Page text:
When classrooms closed in South Asia, 434 million children’s lives changed. School is more than just a building. It’s a crucial part of a child’s life. For many, school provides access to food, health services and support networks not available at home. For vulnerable children, it’s also a refuge from abuse, neglect or dysfunctional parenting. When schools closed, many children were torn from the warmth of their friends and teachers and left to battle trauma and anxiety without support. During lockdowns, calls to child helplines rocketed. For children without access to internet or phones, isolation was compounded. As the pandemic pushes more people into poverty, closed classrooms leave children exposed to forced marriage and child labour. Girls are disproportionately affected. South Asia already has the highest rates of child marriage in the world. The rate had been in decline, but emerging anecdotal evidence indicates child marriage is now becoming more frequent.This is an education emergency. The longer children are out of school the less likely they are to ever return. Yet, trends in the region suggest that the pandemic could become a protracted crisis. Children’s education could be disrupted for many more months and the impact felt for years.
This is why reopening schools must be considered an utmost priority, as soon as adequate safety can be assured.Between July and October, all children returned to school in Afghanistan and Pakistan, while phased re-openings also began in the Maldives. Governments in India and Nepal have recently empowered states and local authorities to decide when to reopen schools. This is all significant progress.Where schools cannot re-open safely, remote learning must be improved and expanded to reach all children especially the most marginalised and those with disabilities.We must also be mindful that remote learning is less appropriate for the youngest children.The opportunities are as great as the challenges.Since this crisis started, parents, caregivers and educators have found innovative and admirable ways to keep children learning. In just a few months, significant changes to teaching have been witnessed in pockets throughout the region. This creativity is testament to how much learning can be enhanced in future if we re-imagine how education is delivered. To prioritise learning, we must make schools safe to reopen. Currently, 50 percent of schools in the region do not have access to soap and water. We must increase investment in the services that keep children safe and healthy hand-washing, hygiene, school meals, health and immunisation. A healthy child is likely to learn more and an educated child is likely to lead a healthier life.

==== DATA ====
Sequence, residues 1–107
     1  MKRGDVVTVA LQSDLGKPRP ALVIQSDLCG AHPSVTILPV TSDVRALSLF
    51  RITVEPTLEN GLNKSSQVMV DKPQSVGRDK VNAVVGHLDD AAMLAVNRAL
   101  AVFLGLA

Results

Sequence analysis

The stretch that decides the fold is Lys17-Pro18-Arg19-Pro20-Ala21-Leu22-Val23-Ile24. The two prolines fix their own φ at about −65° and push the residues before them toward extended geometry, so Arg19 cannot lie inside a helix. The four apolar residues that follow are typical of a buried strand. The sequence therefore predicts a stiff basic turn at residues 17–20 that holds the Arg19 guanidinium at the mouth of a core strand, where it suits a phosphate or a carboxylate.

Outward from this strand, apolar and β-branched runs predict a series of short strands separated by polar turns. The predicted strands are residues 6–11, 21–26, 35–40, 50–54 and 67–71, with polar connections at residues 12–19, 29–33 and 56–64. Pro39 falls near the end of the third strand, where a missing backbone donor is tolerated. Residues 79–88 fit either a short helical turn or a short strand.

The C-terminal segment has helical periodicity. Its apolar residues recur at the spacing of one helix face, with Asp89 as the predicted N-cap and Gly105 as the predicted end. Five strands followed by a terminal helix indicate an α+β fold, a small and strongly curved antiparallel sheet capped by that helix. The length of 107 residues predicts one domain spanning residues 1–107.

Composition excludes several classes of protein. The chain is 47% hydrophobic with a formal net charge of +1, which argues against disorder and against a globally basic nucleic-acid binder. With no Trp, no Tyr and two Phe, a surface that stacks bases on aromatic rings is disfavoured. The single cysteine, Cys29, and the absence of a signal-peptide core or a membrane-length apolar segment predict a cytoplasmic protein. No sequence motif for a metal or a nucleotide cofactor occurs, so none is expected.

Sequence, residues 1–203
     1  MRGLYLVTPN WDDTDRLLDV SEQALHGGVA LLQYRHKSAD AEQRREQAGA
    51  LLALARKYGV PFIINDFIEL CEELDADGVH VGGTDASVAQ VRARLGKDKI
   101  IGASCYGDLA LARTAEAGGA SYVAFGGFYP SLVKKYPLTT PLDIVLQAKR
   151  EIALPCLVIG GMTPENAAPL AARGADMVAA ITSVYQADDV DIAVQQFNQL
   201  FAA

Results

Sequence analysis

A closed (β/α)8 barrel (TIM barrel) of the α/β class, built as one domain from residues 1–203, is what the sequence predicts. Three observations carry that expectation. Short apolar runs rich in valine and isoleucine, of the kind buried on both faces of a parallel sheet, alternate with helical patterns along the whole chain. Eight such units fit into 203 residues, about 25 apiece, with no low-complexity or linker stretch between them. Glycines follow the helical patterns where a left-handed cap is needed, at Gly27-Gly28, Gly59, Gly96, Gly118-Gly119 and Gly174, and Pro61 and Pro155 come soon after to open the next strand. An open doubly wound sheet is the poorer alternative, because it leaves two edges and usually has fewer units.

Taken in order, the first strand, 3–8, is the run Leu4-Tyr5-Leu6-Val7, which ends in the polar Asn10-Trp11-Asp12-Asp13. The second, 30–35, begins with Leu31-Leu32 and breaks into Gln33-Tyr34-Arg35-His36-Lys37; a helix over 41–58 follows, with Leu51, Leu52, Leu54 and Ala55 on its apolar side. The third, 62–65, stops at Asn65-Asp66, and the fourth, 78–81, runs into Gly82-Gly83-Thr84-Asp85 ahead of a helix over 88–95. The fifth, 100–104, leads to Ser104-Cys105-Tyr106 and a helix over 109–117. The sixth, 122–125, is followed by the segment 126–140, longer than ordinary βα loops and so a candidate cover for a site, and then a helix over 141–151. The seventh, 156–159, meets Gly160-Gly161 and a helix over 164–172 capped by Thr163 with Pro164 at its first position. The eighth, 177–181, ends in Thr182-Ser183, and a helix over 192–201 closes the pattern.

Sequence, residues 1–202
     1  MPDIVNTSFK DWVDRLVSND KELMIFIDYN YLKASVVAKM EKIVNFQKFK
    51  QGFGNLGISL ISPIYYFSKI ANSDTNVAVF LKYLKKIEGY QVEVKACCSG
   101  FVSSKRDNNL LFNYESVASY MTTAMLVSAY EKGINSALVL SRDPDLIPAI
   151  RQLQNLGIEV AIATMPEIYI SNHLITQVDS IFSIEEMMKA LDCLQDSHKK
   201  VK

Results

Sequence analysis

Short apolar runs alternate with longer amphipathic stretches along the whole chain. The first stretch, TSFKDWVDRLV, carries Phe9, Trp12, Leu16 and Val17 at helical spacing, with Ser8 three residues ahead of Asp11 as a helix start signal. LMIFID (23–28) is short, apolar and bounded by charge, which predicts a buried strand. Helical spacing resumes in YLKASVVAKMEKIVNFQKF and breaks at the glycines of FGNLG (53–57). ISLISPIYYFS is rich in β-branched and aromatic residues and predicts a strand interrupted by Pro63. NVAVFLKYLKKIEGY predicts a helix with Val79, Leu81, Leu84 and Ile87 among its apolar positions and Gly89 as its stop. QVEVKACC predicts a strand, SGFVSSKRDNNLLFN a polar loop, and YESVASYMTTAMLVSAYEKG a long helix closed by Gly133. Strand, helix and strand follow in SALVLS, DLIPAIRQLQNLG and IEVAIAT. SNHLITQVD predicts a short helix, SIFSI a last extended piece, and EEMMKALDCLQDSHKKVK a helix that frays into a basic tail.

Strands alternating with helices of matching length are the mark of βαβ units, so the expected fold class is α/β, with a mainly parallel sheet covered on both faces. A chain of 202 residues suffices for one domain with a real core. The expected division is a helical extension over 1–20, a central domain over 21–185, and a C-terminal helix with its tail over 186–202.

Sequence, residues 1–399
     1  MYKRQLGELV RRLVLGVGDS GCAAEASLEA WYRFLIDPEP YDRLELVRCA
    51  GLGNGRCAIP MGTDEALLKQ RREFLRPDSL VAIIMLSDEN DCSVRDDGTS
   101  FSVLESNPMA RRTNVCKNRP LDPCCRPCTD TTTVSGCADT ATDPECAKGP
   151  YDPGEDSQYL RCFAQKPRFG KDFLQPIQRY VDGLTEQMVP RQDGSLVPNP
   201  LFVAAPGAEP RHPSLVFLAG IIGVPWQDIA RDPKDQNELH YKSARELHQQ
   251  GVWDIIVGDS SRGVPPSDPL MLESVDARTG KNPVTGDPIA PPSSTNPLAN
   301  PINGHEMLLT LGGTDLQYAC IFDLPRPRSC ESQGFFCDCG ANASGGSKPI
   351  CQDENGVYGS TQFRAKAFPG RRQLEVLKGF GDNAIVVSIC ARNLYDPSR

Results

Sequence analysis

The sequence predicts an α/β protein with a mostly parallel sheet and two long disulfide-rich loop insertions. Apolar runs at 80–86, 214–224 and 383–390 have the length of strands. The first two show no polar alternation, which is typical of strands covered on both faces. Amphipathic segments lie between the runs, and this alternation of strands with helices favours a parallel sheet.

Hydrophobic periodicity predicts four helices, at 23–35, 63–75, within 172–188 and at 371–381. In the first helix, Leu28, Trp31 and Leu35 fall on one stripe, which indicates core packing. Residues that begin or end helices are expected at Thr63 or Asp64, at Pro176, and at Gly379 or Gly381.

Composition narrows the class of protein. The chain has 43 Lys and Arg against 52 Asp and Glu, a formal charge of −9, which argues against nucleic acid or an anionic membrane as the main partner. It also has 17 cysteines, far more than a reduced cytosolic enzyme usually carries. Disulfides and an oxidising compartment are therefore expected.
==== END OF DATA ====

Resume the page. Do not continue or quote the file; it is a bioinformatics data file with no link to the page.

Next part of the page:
We have a once-in-a-generation opportunity to strengthen the flexibility and quality of our education systems. South Asia worked with countries through equity profiling, and strengthening monitoring systems linked to high impact, cost effective quality education interventions across the region. The actual result will be known in 2019 due to the two-year lag in data.South Asia with Country Offices have stepped up efforts to improve learning outcomes in the next Regional Office Management Plan from 2018-2021, setting the ambitious target of ensuring 10 million previously out-of-school are in school and learning. This builds on the recently completed ‘Improving Education Quality in South Asia. I have seen this crisis first-hand in my home country Bangladesh. When I was in primary school, high school and college teacher sparked my passion for learning and set the stage for the work I am pursuing as an innovator and entrepreneur. I realised later that many youth in Bangladesh are not fortunate enough to have a teacher who challenges them. If we continue down the current path, the education crisis in Bangladesh and throughout South Asia will deepen. We will fall short of education goals set forth in the Sustainable Development Goals that we hope to achieve by 2030. What we do next could transform the future for millions of children.
Writer and Columnist